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Local events industry takes a ‘real hit’ as restrictions continue

'As further reopening of the region remains in limbo, companies like Thunderstorm Productions continue to face a loss of over 90 per cent of their typical seasonal business.'
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It's wedding season – which would typically be the busiest time of year for local companies that depend on them. But as further reopening of the region remains in limbo, companies like Thunderstorm Productions continue to face a loss of over 90 per cent of their typical seasonal business.

Eric Hoshooley is the president of Thunderstorm, a disc jockey, audio and lighting production service with over 28 years of serving the region under their belt. He told KitchenerToday, the past 15 months have been "really tough," due in part to "people postponing [weddings] from 2020 to 2021," and then postponing again to 2022 – or worse, "cancelling altogether."

Hoshooley, who started his DJ business back in high school, admits it has become stressful to check his email. With 40 weddings currently on the books (for 2021), he said he remains hopeful that no one else will choose to postpone – although typically, he'd be "up around 100 [ceremonies]," at this time of year.

As smaller, private services (without receptions) have become an alternative to postponing weddings, Hoshooley said they quickly figured out how to offer online weddings (and funerals). As the summer progresses, he remains hopeful that "restrictions will be over soon." That said, "people are still moving dates every day."

A virtual wedding service typically includes a sound system for the officiant, music for the ceremony and a slide show for home viewers. With the current restrictions, "a reception or dancing" aren't permitted.

A keepsake copy is also offered. And while the cost of a wedding is exponentially lower these days, so is the profit companies like Thunderstorm rely on. "It's cut lots of money for not only us as DJs, but photographers, caterers, venues, decorators, bakers, and transportation - literally every single person in our industry has taken a hit," he said.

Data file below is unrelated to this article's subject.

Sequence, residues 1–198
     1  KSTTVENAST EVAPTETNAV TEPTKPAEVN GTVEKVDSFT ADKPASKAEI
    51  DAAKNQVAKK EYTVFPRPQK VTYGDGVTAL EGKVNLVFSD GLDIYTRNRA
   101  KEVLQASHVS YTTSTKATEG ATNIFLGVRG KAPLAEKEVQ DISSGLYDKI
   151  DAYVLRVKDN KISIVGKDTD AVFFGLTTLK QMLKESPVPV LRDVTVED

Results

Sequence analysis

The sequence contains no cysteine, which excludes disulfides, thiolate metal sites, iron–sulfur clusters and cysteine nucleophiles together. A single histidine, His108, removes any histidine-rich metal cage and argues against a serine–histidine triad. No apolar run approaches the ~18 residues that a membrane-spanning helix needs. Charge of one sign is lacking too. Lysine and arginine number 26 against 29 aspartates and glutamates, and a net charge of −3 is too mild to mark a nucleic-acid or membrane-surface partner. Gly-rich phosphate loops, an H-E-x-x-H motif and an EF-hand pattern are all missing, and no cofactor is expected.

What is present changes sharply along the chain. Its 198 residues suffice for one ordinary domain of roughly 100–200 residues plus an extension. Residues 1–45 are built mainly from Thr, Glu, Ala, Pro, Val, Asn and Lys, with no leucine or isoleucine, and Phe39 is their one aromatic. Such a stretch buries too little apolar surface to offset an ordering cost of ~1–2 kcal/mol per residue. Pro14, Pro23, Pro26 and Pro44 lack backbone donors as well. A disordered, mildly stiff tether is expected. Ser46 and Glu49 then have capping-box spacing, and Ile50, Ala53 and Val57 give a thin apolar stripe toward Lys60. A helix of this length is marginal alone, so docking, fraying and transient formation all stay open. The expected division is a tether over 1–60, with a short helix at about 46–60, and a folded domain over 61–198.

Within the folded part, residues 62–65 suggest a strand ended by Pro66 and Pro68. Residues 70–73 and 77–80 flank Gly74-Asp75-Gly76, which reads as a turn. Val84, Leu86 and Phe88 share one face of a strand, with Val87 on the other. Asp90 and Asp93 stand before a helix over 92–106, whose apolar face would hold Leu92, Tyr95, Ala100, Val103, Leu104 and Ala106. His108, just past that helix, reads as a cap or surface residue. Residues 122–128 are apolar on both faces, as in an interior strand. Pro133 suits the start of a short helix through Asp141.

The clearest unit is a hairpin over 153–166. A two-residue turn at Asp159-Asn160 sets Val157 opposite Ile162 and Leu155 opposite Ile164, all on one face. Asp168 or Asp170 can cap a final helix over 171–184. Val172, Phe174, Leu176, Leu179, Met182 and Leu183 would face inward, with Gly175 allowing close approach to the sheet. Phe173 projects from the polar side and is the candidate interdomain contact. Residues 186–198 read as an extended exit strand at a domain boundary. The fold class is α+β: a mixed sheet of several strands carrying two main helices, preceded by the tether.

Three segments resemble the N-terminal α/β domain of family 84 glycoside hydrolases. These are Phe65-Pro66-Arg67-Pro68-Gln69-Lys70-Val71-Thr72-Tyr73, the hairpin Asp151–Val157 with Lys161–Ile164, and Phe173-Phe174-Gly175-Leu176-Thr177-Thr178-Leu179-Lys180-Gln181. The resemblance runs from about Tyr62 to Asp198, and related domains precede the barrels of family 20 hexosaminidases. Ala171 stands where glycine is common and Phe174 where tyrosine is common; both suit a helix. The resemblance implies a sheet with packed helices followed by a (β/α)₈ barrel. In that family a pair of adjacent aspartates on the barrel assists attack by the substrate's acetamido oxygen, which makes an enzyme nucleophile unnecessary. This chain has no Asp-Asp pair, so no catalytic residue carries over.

"We have been working with all of our local vendors, trying to support each other and pass work back-and-forth as we can," Hoshooley said, adding they have accommodated "quite a few more backyard ceremonies than ever before."

Due to capacity restrictions, those planning weddings often have to choose between music, flowers, décor and photography – "all those people count toward the capacity, so it's usually us, some friends and family, the couple, and some witnesses. The bridal party and every in-person guest wear a mask; sometimes, depending on the comfort level of the officiant, they allow the bride and groom to remove theirs for the ceremony portion."

Hoshooley hopes for "some normalcy soon."

"Everyone is hurting, mentally and physically, from being stuck at home."

Since March 2020, Thunderstorm has been streaming online parties every Friday and Saturday night – partly to help keep his DJ service top of mind when events do return but also to allow his DJs to continue doing what they love.

Hoshooley said he remains hopeful that celebrations such as weddings, graduations and proms will return soon because "everyone deserves to have those moments in their lives." The hardest part is watching friends lose their life's work. "It's been really tough watching friends . . . being put in dire positions." And after almost three decades in the region, there "aren't many people in the industry" he hasn't met or created some type of relationship with.

"To see someone's dreams just disappear is heartbreaking. I want this to be over so no one else will be hurt."

When asked how long he thinks it will take for the events industry to recover, Hoshooley said it's going to "years and years." He thinks the industry itself will evolve, and the way people host weddings will change as a result. "The focus put on certain things has all shifted; it will never get back to where it was; it will be different."

As for the next year's wedding season, he's optimistic; "2022 is coming along, and we are starting to get booked up, but people are still scared." Without the ability to see what the future holds, he said people are choosing to wait.

He suggested that those who wish to help local businesses can do so by leaving positive reviews online. "We get so much energy from that," he said.

"We are resilient, and we are not going to let this be the end of ThunderStorm Productions; we will take whatever the world throws at us and find a way to make a positive out of it."

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